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The Rapidly Increasing Opioid Crisis in Philadelphia

Cory Jennings- DuBois | News Editor

Oxycodone, a prescription drug used to help relieve severe amounts of pain. Heroin, a highly addictive street drug derived from morphine. Fentanyl, an “up and coming” drug that is one hundred times stronger than morphine, and is making its name known and feared more and more every day. These three opioids are the top drugs found in Philadelphia, Pennsylvania as of current day, and have contributed to over 2,492 deaths in the area within the past two years.

Philadelphia, Pennsylvania has many great aspects to it, from it’s beautiful parks and history-filled streets to the excellent universities that take residence in the city. But there is one specific underlying issue that recently has been pushing the surface, desperately trying to be seen.

In 2020, the DEA (Drug Enforcement Administration) did a research study to find out just how many of these Philadelphian deaths were drug related. According to data giving to the DEA from the Philadelphia Department of Public Health, it was found that a total of 1,214 were overdoses due to opioids. The numbers only rise in the following year, as the city hit 1,278 opioid- related deaths. 86% of those deaths were caused by the drugs oxycodone, heroin, and the infamous fentanyl.

The drug problems seen in Philadelphia are not a secret kept well hidden, so one would presume that steps have been taken to aid addicts and help as many as possible into recovery. That is not the case. Philadelphia, and the United States of America in general, has a very limited amount of programs that help addicts into safe and effective rehabilitation centers. A majority of the rehabilitation centers that are offered around the United States are not easily accessible. Many are for the elites, with residences in places like Malibu and Los Angeles that offer prestigious activities such as horseback riding and spa facilities. These facilities are incredibly expensive, averaging upwards of $65,000 a month per patient. So, as one can see, these types of rehabilitation facilities are directed towards the top 1%, and completely ignore the remaining citizens who desperately need help.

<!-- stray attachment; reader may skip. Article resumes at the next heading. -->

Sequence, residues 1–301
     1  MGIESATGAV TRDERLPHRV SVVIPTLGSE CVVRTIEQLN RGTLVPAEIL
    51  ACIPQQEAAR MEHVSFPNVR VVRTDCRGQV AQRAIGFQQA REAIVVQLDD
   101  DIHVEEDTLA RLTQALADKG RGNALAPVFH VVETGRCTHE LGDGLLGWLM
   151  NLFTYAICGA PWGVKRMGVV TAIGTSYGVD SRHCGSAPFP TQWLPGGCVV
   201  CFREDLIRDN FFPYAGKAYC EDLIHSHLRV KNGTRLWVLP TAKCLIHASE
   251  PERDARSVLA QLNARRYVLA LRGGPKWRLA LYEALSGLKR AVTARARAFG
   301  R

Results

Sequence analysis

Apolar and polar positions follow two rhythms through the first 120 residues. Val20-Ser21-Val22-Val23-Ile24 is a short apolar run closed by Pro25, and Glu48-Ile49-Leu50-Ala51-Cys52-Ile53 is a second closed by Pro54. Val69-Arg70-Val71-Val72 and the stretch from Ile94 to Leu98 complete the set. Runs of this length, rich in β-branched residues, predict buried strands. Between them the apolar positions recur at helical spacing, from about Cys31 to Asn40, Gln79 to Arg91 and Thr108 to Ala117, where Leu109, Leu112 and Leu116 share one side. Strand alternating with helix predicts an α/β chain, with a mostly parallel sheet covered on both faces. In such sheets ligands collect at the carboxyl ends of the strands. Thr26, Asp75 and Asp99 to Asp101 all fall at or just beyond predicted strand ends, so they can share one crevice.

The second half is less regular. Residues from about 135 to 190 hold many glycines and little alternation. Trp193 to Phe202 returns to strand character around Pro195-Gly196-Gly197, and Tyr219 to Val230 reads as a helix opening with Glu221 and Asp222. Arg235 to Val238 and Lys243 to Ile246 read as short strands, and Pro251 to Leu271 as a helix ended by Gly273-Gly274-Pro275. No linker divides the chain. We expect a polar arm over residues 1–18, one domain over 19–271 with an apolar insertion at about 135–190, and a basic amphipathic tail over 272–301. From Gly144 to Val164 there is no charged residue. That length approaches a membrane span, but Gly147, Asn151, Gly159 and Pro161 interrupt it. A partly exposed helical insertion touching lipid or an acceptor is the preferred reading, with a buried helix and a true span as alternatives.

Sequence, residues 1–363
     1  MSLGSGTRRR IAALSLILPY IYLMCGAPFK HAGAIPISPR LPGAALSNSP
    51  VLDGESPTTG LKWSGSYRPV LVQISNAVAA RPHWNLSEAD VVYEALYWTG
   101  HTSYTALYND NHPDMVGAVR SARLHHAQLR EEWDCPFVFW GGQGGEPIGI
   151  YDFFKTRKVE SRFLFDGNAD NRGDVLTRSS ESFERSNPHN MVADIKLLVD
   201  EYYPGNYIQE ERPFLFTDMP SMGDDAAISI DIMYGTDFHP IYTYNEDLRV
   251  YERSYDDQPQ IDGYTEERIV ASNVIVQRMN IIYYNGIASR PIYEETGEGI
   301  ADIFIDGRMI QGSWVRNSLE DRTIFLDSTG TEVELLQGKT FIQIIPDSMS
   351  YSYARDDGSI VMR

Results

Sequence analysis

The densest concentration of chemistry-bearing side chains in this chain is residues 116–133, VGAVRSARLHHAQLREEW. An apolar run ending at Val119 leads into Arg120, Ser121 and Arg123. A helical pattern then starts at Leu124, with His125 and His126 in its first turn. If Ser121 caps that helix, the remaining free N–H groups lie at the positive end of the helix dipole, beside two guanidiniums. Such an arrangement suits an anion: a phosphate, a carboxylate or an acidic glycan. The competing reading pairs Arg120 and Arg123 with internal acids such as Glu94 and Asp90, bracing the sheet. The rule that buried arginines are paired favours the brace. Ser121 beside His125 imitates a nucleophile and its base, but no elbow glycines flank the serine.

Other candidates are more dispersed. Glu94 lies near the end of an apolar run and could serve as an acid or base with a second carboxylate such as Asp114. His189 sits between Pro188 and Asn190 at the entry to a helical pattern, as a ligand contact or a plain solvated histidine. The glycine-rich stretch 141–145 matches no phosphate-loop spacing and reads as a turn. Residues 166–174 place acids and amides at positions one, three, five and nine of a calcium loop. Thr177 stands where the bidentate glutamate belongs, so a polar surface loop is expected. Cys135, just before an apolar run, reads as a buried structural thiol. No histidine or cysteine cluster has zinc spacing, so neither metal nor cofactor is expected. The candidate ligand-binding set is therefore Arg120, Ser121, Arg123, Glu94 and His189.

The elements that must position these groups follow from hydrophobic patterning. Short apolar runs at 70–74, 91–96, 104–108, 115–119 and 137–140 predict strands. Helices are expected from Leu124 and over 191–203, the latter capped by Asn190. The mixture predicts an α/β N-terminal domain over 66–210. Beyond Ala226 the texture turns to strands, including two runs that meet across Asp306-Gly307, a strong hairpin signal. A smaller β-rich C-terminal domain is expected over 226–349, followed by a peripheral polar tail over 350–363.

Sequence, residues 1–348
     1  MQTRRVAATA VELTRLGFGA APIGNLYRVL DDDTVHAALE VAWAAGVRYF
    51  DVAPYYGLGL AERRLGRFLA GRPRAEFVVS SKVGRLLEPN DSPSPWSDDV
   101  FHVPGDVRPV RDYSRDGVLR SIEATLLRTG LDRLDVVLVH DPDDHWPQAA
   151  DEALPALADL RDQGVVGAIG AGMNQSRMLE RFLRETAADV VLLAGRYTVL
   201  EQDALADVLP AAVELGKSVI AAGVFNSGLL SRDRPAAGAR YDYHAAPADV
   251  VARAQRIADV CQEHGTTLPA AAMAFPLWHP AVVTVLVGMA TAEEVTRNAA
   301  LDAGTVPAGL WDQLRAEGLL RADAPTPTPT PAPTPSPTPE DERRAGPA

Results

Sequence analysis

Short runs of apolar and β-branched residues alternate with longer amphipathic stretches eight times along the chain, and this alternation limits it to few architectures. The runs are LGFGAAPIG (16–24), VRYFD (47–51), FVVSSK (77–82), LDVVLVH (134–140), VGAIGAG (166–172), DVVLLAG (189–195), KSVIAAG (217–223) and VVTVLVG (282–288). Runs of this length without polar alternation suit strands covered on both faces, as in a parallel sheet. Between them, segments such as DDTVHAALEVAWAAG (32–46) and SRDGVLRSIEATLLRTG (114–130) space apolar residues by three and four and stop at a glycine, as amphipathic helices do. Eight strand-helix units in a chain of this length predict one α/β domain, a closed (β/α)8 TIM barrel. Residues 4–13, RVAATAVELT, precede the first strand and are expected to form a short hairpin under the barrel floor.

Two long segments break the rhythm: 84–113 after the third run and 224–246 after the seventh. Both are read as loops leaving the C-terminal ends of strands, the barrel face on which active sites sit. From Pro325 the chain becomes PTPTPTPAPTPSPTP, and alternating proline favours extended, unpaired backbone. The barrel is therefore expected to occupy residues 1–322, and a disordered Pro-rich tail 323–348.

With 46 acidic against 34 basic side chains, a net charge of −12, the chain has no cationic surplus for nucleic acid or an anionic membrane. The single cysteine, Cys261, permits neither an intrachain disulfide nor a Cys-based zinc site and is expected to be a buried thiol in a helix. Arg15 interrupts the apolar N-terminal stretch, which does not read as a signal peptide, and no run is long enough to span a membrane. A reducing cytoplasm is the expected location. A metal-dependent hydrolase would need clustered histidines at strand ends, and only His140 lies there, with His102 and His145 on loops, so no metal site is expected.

Another reason why rehabilitations facilities are failing miserably within the U.S. is the methods of treatment. It is proven that 80% of patients who enter a holistic residential rehabilitation facility, otherwise known as a rehab facility that specializes in replacing opioids with drugs that will reduce addiction and eventually wane the user off them completely, successfully treat their addiction permanently. The issue is that only 36% of opioid treatment facilities offer this holistic approach. That statistic may seem asinine, since it is already proved that the holistic approach works, but as a Philadelphia-centered photographer Jeffrey Stockbridge said, “there is a widespread failure to see addicts as human beings”.

Stockbridge, a former surgeon general, switched from looking at this crisis medically, to putting on a different lens and seeing it as a citizen. He has taken on the job of photographing this problem over the past five years, and has had such impactful images that he has been noticed and interviewed by big magazine companies, such as the Time Magazine. He believes his photographs humanize these addicts, and will eventually kickstart Philadelphias motivation to help it’s citizens.

While this crisis is incredibly prominent in Philadelphia, it is still happening all around the United States. Other big cities such as New York and Boston face similar problems, and opioid addiction bleeds into smaller suburban and rural towns more and more each month. This is a fast moving epidemic, and the higher ups of the United States government need to recognize this and figure out a solution, and fast.

SAMHSA National Helpline: 1-800-662-HELP (4357)

American Addiction Center: (866) 922-1574


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